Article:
Kasich in Ohio is using the same “opportunity” language. It’s a problem for Democrats. Republicans have co-opted their whole platform, and I think the GOP base is better suited to respond to it. It sure didn’t resonate with Democrats in 2014.
@Amir Khalid: I too am supportive of what you typed earlier. All actions have consequences. Maybe some shouldn’t, but invariably they do. The more significant the known risks of an action, the more serious one must be in a thorough examination of the possible consequences.
Tree With Water
“There was one exact moment, in fact, when I knew for sure that Al Gore would never be President of the United States, no matter what the experts were saying — and that was when the whole Bush family suddenly appeared on TV and openly scoffed at the idea of Gore winning Florida. It was Nonsense, said the Candidate, Utter nonsense. . . Anybody who believed Bush had lost Florida was a Fool. The Media, all of them, were Liars & Dunces or treacherous whores trying to sabotage his victory. . . Here was the whole bloody Family laughing & hooting & sneering at the dumbness of the whole world on National TV. The old man was the real tip-off. The leer on his face was almost frightening. It was like looking into the eyes of a tall hyena with a living sheep in its mouth. The sheep’s fate was sealed, and so was Al Gore’s”.
Fairly sure Amir made it clear that it WASN’T okay to target them.
But, apart from that… yeah, what you said. They were intending to “provoke.” So what? The Colbert Report and Daily Show provoke Republicans all the time – whether through parody or ridicule or simply pointing out that the emperor is in fact naked. Should they be refraining from that simply because they know that this country is teeming with NRA-armed fuckwits and one of them might come by and shoot up their studios? Would they bear some responsibility for it if it ever happened (which it very well might some day)?
The short skirt was designed to sexually arouse others. The black man walking was designed to scare people, especially if he’s wearing saggy pants and a hoodie. Those provocations aren’t to offend; they are other types of provocations–sexual arousal, fear.
The concept of holding the person or entity responsible when someone else does something to them is wrong. The person or people committing the crime are completely responsible for their actions. In this case the people who murdered the people in the magazine’s office could have chosen any number of other reactions. Their choice to respond with violence was their choice and theirs alone.
I remember you saying that the “opportunity” message was a mistake, and wholeheartedly agreeing. Hope to God the Democrats have learned to send a better one by the time 2016 rolls around.
@Ben Cisco: He’ll sell it as:
Close the borders
Repeal minimum wage
Tax cuts for deserving millionaires
Of course, he will do only the last two on the list.
Auugh, I’m trying not to bite on this, but I can’t help myself.
This is a horrible dark time for democracy.
Clinton KNOWS that a huge portion of Democrats will not vote for her unless she’s the nominee, then we’ll reluctanly trudge to the polls to vote for her, if only to keep the Rethugs out of the WH. So what’s her strategy? Clear the field so that she’s the presumptive nominee, and thus we all will do what we said we’ll do: trudge to the polls to vote for her with little enthusiasm or hope.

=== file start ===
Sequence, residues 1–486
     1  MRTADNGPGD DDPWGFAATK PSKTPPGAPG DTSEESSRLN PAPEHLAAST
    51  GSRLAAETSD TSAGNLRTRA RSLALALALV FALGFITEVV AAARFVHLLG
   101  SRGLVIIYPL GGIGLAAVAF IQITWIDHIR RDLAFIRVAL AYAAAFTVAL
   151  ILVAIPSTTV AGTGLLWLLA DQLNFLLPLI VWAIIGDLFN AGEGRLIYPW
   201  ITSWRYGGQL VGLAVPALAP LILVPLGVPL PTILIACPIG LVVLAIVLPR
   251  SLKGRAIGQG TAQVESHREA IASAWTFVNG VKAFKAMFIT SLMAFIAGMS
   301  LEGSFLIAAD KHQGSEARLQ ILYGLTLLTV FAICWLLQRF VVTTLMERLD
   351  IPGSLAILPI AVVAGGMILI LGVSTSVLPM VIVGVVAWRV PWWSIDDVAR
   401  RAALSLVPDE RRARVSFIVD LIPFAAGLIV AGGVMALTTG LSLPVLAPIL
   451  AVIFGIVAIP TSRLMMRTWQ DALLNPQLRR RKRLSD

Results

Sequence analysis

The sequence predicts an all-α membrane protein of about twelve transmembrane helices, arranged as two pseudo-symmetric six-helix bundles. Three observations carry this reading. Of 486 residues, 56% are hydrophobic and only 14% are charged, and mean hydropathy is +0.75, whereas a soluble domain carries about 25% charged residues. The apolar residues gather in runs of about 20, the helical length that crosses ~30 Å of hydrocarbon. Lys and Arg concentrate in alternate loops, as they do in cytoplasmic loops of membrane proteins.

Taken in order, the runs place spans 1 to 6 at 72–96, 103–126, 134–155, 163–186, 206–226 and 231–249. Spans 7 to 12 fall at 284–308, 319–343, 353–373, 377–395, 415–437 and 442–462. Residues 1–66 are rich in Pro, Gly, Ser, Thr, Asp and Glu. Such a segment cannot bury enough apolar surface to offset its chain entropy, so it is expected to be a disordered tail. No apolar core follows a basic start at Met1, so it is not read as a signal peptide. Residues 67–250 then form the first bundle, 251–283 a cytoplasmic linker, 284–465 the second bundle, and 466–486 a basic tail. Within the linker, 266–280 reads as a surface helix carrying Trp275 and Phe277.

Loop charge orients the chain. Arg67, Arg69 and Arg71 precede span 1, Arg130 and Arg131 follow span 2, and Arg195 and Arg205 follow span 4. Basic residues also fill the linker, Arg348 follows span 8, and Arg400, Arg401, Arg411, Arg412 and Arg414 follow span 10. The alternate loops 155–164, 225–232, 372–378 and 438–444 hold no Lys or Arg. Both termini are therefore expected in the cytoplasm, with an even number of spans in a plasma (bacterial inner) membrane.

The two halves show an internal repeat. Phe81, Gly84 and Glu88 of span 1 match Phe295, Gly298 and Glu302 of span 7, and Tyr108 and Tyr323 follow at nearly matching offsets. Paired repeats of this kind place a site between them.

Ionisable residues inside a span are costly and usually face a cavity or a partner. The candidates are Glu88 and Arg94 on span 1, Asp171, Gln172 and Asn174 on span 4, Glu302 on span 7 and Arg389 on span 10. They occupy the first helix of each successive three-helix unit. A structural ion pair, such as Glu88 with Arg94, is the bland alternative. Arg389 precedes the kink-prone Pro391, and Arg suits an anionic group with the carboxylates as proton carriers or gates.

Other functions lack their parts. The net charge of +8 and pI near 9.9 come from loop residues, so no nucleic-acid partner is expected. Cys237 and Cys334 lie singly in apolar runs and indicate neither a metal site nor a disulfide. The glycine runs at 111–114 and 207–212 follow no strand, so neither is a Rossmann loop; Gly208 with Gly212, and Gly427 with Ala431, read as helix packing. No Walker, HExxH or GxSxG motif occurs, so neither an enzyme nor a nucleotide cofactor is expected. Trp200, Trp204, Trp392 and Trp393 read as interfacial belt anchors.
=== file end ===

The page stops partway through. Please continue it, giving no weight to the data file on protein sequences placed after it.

Bush KNOWS that a huge portion of Rethugs will not vote for him unless he’s the nominee, then they’ll reluctanly trudge to the polls to vote for him, if only to keep the Democrats out of the WH. So what’s his strategy? Clear the field so that he’s the presumptive nominee, and thus they all will do what they said they’ll do: trudge to the polls to vote for him with little enthusiasm or hope.
On top of that, BUSH vs. CLINTON is the most horrific sign of the failure of American democracy imaginable. It’s two dynasties versus each other. Talk about record low voter turnout! It’ll be the lowest voter turnout in history. Citizens United (ironically, a group that was formed to attack Clinton), will have taken over the country.
I’d predict a narrow squeaker of an election, can’t even predict who’d win. If Clinton can convince the media that this is the historic moment for a female president and thus she deserves it, and women voters buy it and vote in force, then we’ll be saved, just barely. If the Bushes can engineer some kind of foreign crisis or war just before the election, then we’ll end up with 8 more years of war, and the horro of rule by the Bushes instead. But that’s what it’ll come down to.
It bothered me that they didn’t seem to hear how it sounded. I was just cringing listening to them: “oh, God, NOT the ‘skills gap!’ It’s such a DC thing, the ‘skills gap’. It sounds like scolding.
There seems to be some idea that Republicans will stick with the buffoonish stuff they did in 2009-12 but they got it. They have that part figured out. Their primary field is packed with governors. It won’t be the 2012 primary. Not Newt Gingrich and The Grifters. It makes sense the top tier sat it out in 2012 because it’s harder to run against an incumbent. Scott Walker is moderating. He’s trying to dodge Right To Work and lunatic abortion laws in Wisconsin. They know they have to appear more moderate to win. That’s a sign! :)